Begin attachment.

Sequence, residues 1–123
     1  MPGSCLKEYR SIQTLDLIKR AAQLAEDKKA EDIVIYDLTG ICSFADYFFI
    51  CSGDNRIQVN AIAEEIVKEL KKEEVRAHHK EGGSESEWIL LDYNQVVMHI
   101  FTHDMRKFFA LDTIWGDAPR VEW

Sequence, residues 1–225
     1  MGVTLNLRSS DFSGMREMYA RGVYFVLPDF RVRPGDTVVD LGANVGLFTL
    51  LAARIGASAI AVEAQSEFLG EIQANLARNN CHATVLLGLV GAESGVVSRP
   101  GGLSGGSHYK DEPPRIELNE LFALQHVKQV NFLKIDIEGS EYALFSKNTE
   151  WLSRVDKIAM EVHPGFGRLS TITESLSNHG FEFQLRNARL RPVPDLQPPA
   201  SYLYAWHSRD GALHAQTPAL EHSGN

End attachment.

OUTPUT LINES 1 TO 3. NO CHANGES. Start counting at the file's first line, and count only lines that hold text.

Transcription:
Sequence, residues 1–123
     1  MPGSCLKEYR SIQTLDLIKR AAQLAEDKKA EDIVIYDLTG ICSFADYFFI
    51  CSGDNRIQVN AIAEEIVKEL KKEEVRAHHK EGGSESEWIL LDYNQVVMHI